Policy brief: Good employee mental health requires co-operation
1. Co-operation between occupational health care and other operators in the social welfare and health sector must be strengthened when it comes to treating mental health disorders of the working-age population
Sickness absences due to mental health disorders have increased at an alarming rate over the past few years. Sickness allowance periods granted by Kela due to mental health and behavioural disorders have increased by as much as 72% between the years 2016 and 2022 (Kela sickness insurance statistics 2022). Mental health and behavioural disorders are clearly the most common group of diagnoses among recipients of disability pension (Finnish Centre for Pensions).
There are many participants in the treatment of mental health disorders of the working-age population, such as occupational health care, public mental health services and private service providers. Successful treatment of mental health disorders and promotion of work ability require co-operation between the various parties.
Assessing and promoting work ability are among the areas of expertise of occupational health care. Occupational health care is the only health care operator with a direct connection to the patient’s workplace. Occupational health care is well positioned to support work ability and the opportunities of returning to work when an employee falls ill as well as reviewing the measures for adapting workload to match the functional capacity reduced by the illness in collaboration with the employee and employer. Occupational health care can also help the workplace and work community identify solutions that promote mental health.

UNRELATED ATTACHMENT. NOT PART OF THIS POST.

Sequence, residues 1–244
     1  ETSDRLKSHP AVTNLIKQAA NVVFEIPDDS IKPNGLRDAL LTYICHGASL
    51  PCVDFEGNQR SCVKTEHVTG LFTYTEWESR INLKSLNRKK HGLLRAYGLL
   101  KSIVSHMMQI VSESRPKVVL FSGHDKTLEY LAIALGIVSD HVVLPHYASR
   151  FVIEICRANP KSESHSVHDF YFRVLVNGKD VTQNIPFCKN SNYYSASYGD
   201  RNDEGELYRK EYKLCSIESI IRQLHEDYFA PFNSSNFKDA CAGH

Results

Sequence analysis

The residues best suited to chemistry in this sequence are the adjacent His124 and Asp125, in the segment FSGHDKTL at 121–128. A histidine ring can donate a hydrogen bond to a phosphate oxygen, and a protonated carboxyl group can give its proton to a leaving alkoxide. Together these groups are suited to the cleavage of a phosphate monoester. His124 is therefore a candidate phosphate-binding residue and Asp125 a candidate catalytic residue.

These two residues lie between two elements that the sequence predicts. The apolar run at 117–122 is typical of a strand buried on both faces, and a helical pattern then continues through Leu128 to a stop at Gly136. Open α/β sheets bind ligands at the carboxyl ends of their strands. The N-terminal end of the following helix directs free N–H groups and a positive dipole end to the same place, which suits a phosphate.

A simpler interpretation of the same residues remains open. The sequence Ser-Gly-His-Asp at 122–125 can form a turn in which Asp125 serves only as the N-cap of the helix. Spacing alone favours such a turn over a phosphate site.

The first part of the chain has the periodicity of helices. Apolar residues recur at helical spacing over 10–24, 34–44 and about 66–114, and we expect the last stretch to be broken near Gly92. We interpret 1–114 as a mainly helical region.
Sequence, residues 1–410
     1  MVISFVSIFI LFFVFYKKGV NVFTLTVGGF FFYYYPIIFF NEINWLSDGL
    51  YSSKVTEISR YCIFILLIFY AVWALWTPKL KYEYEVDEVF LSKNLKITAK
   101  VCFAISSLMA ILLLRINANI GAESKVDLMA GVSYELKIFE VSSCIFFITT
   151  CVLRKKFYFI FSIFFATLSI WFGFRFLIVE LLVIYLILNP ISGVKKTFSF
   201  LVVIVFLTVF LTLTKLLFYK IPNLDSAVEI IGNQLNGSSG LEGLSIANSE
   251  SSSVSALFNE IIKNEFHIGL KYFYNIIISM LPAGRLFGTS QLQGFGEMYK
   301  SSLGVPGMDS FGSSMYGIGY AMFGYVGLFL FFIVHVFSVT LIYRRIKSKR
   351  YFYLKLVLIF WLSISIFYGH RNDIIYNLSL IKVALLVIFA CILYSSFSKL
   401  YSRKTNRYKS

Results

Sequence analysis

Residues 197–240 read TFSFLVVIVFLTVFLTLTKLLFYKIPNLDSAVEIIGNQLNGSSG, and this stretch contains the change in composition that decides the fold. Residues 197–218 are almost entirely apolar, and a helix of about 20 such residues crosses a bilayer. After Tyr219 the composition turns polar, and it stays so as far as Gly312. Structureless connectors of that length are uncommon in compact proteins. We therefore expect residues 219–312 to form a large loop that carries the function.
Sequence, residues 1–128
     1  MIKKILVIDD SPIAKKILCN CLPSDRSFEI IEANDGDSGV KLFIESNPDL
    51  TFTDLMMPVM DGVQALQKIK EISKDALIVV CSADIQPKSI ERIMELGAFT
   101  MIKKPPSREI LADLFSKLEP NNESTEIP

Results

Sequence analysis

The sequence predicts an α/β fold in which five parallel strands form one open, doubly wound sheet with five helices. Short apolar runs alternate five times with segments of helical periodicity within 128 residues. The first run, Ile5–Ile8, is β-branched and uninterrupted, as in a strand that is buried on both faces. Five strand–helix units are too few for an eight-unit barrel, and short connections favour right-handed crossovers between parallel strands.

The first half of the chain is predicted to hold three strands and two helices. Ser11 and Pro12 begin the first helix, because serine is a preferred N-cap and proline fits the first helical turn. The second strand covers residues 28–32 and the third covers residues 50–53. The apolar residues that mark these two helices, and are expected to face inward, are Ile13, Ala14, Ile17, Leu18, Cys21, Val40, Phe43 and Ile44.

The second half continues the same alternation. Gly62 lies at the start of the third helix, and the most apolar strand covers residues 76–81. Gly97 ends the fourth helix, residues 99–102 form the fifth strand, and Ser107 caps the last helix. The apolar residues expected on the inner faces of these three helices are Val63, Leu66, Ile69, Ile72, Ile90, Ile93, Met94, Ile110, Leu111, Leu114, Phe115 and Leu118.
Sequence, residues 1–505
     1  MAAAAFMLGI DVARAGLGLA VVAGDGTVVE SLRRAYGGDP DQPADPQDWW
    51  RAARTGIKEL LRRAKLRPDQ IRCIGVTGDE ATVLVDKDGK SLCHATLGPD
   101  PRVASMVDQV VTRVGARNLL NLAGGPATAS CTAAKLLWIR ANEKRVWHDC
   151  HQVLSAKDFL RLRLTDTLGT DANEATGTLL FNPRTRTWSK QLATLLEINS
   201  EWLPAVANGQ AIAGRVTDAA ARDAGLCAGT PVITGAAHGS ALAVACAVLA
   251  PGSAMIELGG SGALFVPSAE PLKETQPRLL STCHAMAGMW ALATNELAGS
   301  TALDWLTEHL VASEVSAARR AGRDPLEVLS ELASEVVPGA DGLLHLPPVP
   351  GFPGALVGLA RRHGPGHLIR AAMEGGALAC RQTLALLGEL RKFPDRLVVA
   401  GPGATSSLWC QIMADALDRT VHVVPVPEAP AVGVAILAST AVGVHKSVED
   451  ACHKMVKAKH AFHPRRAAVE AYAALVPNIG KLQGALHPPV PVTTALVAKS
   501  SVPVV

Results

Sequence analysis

A co-operative model between public sector mental health services and occupational health services has been built in several regions in Finland. The model is aimed at steering the person with a mental health disorder to occupational health care in order to receive an individualised work ability assessment and support measures. The objective is to enable support measures by occupational health care and the workplace before the incapacity for work becomes prolonged.
Implementation of the model is promoted by well-functioning co-operation between psychiatric care and occupational health services and enabling psychiatrists to provide digital referrals to the patient’s occupational health care. It is also important to identify the patients who the co-operative model can benefit.
Image. Taking mental health into consideration and treatment of mental health disorders is carried out in co-operation between many parties.
2. Supporting work ability and the positive effects that work has on mental health must be taken into account when treating mental health disorders in the working-age population
A prolonged sickness absence predicts permanent incapacity for work. It has been estimated that only half of all people with depression whose sickness absence continues for longer than six months will return to work life. Of those people whose sickness absence lasts more than a year, only one in four are able to return to work.
Supporting work ability and the effects that work has on mental health must be taken into account when treating mental health disorders in the working-age population. It is often possible to continue working with mild or moderate depression. Appropriately proportioned work can be a rehabilitative factor for a person recovering from a mental health disorder. Employing efficient work ability support measures already before the sickness absence becomes prolonged is of key importance. Occupational health care and the workplace must consider in co-operation the opportunities for adapting work in ways that allow the employee to continue working without long sickness absences and provide efficient support for returning to work after the sickness absence. The stigma related to mental health disorders can pose challenges to work ability support measures at workplaces.